• Don Ezra says:

      Thanks very much, David. It’s a pleasure to acknowledge the father of what I believe is the first longevity pool available for any retiree! (At least in Australia.) It’s also interesting to see how you’ve structured the payments, because the repayment of capital feature shows that there are many possibilities to design the income stream in different ways, just as there are with traditional guaranteed lifetime income payments (aka annuities). I wish you much success!

  4. Alex Mazer says:

    Hi Don,
    Thanks so much for shining a spotlight on the value of collective arrangements versus individual, do-it-yourself approaches to retirement. We have spent a huge amount of energy, in the retirement community, debating DB vs DC, when perhaps the broader debate we should be having is collective vs individual. We have begun to model the value (measured by retirement income/assets generated for every dollar of contribution) of high-quality collective arrangements relative to the value of a typical retail approach, and are planning to release some of that research soon. We can share it with you if you are interested.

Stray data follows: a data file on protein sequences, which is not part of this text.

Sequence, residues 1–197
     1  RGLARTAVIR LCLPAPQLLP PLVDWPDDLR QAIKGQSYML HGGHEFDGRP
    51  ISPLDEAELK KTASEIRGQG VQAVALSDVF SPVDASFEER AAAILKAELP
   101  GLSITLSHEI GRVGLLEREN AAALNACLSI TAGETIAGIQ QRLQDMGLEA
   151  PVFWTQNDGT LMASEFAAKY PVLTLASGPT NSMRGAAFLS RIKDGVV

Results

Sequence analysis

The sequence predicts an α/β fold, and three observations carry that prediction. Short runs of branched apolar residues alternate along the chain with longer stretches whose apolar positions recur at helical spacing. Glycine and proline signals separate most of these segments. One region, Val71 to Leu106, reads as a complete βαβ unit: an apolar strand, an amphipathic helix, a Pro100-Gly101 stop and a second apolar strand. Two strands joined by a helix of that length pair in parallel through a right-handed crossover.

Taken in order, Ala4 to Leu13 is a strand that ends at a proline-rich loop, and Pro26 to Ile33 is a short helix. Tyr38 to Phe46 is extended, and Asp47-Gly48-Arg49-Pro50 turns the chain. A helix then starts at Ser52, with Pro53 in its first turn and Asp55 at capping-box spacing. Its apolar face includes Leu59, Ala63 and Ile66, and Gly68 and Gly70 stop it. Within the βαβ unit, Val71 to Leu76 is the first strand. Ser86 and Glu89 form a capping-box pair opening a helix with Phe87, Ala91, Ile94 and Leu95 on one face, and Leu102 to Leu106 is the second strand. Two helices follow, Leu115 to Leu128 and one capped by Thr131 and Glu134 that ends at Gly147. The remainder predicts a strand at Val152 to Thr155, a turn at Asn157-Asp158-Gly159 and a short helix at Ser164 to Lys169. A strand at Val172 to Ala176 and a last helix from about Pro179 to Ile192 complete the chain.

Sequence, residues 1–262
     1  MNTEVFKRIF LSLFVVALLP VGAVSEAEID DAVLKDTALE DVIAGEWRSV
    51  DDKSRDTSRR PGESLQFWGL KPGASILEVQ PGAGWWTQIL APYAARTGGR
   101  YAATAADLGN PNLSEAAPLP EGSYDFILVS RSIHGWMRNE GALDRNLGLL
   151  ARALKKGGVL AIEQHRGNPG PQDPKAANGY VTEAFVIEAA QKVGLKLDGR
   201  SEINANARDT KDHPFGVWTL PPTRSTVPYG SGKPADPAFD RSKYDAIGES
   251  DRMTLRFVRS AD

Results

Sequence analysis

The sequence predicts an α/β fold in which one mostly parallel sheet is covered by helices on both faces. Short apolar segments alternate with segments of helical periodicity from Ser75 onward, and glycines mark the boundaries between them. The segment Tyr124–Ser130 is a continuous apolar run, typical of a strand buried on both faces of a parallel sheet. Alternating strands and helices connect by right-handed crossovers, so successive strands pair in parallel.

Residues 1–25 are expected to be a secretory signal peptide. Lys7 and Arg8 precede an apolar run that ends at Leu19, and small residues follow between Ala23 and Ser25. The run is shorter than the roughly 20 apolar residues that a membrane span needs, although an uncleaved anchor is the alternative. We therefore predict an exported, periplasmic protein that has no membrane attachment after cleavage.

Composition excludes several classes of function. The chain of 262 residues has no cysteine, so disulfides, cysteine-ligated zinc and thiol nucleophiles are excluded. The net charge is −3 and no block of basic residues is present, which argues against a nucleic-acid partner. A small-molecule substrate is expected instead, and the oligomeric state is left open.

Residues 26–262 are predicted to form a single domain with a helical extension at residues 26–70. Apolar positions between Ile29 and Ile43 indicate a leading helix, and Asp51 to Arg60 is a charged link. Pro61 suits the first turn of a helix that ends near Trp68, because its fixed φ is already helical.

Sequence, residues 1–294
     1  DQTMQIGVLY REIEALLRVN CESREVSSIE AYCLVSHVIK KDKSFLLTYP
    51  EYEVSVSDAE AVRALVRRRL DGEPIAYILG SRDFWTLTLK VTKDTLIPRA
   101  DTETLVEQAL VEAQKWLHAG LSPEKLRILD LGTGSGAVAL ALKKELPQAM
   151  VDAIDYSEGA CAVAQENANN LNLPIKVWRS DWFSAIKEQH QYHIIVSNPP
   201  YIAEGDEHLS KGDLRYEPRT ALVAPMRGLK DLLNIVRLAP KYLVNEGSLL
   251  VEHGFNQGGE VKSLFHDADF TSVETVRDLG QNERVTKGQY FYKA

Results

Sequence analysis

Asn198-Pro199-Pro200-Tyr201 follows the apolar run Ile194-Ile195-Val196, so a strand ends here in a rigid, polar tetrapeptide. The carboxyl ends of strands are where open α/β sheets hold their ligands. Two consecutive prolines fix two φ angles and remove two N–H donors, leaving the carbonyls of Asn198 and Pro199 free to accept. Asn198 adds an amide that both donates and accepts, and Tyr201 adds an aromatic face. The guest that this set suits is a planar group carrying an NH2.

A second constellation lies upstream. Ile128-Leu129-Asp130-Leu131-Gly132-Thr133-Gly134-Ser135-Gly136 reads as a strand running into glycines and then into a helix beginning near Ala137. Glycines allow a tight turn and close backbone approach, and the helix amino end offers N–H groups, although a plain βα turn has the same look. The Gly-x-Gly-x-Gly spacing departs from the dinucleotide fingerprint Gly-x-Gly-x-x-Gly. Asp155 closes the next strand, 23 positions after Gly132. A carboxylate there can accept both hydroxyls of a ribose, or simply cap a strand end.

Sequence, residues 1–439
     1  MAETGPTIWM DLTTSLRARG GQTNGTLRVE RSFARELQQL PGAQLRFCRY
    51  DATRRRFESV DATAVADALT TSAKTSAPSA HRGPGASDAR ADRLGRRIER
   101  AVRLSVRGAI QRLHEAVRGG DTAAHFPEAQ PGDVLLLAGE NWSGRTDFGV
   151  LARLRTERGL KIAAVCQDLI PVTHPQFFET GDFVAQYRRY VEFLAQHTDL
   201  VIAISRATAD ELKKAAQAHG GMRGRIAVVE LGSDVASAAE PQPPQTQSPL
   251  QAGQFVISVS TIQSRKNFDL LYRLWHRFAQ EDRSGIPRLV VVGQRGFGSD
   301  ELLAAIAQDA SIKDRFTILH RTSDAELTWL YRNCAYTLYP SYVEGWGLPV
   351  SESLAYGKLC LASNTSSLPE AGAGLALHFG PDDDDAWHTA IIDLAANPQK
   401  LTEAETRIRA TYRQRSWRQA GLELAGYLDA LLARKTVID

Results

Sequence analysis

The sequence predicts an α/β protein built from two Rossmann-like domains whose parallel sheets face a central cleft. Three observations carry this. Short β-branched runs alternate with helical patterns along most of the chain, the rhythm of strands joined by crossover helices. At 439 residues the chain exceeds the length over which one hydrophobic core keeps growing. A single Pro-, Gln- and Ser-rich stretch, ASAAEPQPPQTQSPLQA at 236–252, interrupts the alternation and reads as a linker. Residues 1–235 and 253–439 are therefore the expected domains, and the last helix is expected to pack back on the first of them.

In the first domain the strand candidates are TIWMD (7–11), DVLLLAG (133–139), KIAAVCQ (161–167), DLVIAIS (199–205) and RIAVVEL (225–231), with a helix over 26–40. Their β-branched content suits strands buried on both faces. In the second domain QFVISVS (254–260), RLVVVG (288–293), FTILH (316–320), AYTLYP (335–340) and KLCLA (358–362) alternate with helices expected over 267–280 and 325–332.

I also appreciate your reference to the important role that unions and associations can plan in promoting these high-quality collective arrangements, especially in an era of employer retrenchment from the provision of retirement security. That these organizations can play a leadership role in founding and sponsoring such arrangements is at the core of our company’s thesis about how to address the retirement challenge / crisis. Here is an example of a collective arrangement for lower- and moderate-income workers that we created in collaboration with a Canadian trade union called SEIU Healthcare: